NVIDIA Highlights enables automatic video capture of key moments, clutch kills, and match-winning plays, ensuring gamers’ best gaming moments are always saved without requiring player intervention. NVIDIA Highlights automatically captures high quality video clips of those dramatic moments.
Many of the world’s biggest games – Fortnite, Call of Duty World War II, PLAYERUNKNOWN’S Battlegrounds, and more – have integrated NVIDIA Highlights. Why? Because people love posting videos of their gaming victories on social media… and Highlights makes the process of capturing killer clips automatic.
In this new coffee break series, Bryan Dudash – Senior Manager, Developer Technology – will show you how easy it is to add NVIDIA Highlights into your games. And in the interest of keeping your exploration of Ansel and Highlights manageable, we’ve made sure you can take in every session in ten minutes or less.
Part 1: What is NVIDIA Highlights? (8:58 min)
NVIDIA Highlights allows players to rest easy, knowing that their best in-game moments will be captured automatically. It’s been a great new tool for empowering players to tell their own in-game stories to friends. Bryan dives into the details, shows the technology in action, and provides best practices for creating tags.
Five Key Things from Part 1:
- Highlights captures video automatically based on game events. The technology leverages the GeForce Experience overlay.
- It’s easy to upload to YouTube, Facebook, Imgur, or Weibo.
- Captures can be exported as MP4s or animated GIFs.
- Highlights is even easier than Ansel to integrate. There are only half a dozen calls, with no impact to the render pipeline. You just basically tell highlights, “capture video now”.
- A good Highlight is an event that users will want to save; something they will take pride in, find funny, or want to share.
Part 2: Highlights API Calls (9:10 min)
Bryan walks you through the API calls used in NVIDIA Highlights, and offers a series of best practice tips for integration.
Five Key Things from Part 2:
- NVGSDK_Create (): Initializes the SDK interface with the requested highlight scopes.
- Note that there are more results than than “on success”: NVGSDK_SUCCESS, NVGSDK_IPC_SUCCESS_OLD_SDK, NVGSDK_IPC_SUCCESS_OLD_GFE
- Because there are more than one success, do *not* test result == 0, but rather test result >= 0 for success.
- NVGSDK_ConfigureAsync(): Provides a list of all possible Highlights to GFE. You define all highlights your game captures, so be sure to define interesting highlights!
- You can provide localization for the names of your highlights with this call. This is not required and a NULL table is acceptable, in which case the highlight ID will serve as the name (beware special characters in the IDs!)
- NVGSDK_OpenGroupAsync(): Opens a group container to hold the highlights. Capturing any highlights requires at least one open group.
- NVGSDK_SetVideoHighlightAsnc(): The bread and butter of the SDK. This call tells GFE to capture a video highlight in a group using the start and end deltas passed in as parameters. It’s best to keep the length of video highlights to running buffer no longer than 90 seconds for effective social media sharing.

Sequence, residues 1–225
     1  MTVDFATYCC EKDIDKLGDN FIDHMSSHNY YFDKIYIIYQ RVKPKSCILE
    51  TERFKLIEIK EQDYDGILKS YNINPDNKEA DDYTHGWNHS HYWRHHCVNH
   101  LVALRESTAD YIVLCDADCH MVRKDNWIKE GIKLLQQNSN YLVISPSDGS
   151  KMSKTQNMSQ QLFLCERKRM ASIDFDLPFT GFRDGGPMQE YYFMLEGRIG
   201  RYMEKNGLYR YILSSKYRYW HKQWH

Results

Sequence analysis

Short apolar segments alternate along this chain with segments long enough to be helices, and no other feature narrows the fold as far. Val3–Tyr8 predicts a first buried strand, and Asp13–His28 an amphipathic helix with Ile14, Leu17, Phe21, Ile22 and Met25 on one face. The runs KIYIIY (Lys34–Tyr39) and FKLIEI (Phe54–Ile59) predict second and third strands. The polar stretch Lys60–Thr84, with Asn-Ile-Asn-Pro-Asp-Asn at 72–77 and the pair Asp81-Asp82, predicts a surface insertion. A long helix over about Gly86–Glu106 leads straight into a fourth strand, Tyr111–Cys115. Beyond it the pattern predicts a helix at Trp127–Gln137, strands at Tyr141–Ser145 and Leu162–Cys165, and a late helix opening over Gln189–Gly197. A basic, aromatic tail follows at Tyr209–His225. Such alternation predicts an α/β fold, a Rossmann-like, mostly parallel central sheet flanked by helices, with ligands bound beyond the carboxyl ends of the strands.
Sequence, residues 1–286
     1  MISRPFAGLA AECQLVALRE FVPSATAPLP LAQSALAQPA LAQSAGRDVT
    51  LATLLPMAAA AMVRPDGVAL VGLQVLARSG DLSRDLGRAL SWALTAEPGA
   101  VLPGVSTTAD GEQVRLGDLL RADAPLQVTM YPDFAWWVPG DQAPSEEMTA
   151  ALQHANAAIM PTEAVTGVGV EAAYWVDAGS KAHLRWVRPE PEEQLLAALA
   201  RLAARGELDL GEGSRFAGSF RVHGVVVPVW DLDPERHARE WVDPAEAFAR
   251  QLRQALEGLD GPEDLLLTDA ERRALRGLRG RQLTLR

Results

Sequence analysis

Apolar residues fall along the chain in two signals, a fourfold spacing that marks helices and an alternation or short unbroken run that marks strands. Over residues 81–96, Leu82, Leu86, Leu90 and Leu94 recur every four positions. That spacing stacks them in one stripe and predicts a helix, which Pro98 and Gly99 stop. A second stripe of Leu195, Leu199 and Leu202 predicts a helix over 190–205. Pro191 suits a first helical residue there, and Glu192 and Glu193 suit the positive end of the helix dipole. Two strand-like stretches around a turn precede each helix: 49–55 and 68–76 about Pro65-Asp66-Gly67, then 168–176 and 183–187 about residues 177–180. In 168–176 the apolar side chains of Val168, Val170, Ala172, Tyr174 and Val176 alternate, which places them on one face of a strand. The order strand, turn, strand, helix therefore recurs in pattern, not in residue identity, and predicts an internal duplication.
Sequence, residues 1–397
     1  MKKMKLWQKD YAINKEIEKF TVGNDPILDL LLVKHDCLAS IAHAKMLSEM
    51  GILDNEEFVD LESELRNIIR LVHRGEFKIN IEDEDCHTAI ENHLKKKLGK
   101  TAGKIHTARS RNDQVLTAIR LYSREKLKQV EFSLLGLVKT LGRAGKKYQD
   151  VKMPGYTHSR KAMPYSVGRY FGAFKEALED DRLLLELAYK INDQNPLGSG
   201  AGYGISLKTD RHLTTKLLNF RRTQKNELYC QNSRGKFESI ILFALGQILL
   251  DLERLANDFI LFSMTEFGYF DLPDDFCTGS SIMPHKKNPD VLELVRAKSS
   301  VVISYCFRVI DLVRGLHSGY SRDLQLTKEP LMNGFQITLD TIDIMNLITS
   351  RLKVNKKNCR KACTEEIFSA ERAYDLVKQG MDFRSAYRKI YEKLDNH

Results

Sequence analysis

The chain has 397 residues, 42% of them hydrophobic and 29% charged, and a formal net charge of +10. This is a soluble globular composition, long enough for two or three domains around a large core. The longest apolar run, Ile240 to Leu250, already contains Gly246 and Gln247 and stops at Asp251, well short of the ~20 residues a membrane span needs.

- NVGSDK_SetScreenshotHighlightsAsync(): Tells GFE to save ascreenshot highlight in a group.
Part 3: Highlights: The Player Experience (3:59 min)
The Five Most Important Takeaways from Part 3:
- The Highlights button will appear on the interface at the end of a session, allowing players an easy way to access their new clips.
- Play is never interrupted by the need to manage clips or recording.
- Players can choose to export as a video or as a GIF.
- The upload process is made clear to the player, and resolves quickly.
- Checking on Highlights clips after a heated session becomes a satisfying part of the play loop for many players.
Part 4: Highlights: Final API Calls and Best Practices (8:27 min)
There are a few final API calls that are important to consider; Bryan guides you through them. He concludes with a set of best-practice tips for giving players an optimal NVIDIA Highlights experience in-game.
Five Key Things from Part 4:
- NVGSDK_CloseGroupAsync() closes up a highlight group, potentially deleting any unsaved highlights.
- NVGSDK_GetNumberOfHighlightsAsync() retrieves a number of highlights in a group. You should decide if a Summary button should be shown to the user.
- No need for a Highlights enable option in game settings. The permission dialog created on initial API call allows user to control feature state. Settings in the Share UI allows users to control individual highlights.
- If something can be accomplished regularly by an average player, it is not a highlight. Find situations users would be proud to show off!
- Summary should be accessible after a match or level. Limit invocation to when user has plenty of time to interact with the highlights.
- Do not automatically show it, provide a button/control to let the user invoke.
Part 5: Ansel & Highlights GDC Q&A (4:17 min)
GDC audience members ask Bryan a series of questions about NVIDIA Highlights and Ansel integration.
Questions Asked and Answered in Q&A:
- Does the developer of the game define the game tags for the Highlights?
- Is there a standardization of tags in the game?
- Is there a limit to the number of highlights that can be defined by the developer?
- Can you use Highlights as a pure developer tool?
- Can you customize the UI?
- Can you bypass the NVIDIA UI with your own?
- Does it have to be an engine plugin for Unreal?
- Do you have plans for stereoscopic images in Ansel?
- Is there a VR viewer available for Ansel?
- Are they plans to provide access to NVFBC on the GeForce?
We hope you’ve gotten value from the this installment in NVIDIA’s Coffee Break series!
To learn more about NVIDIA Highlights, check out the NVIDIA Highlights developer page. You can also check the full GDC video if you want to view it in a single sitting.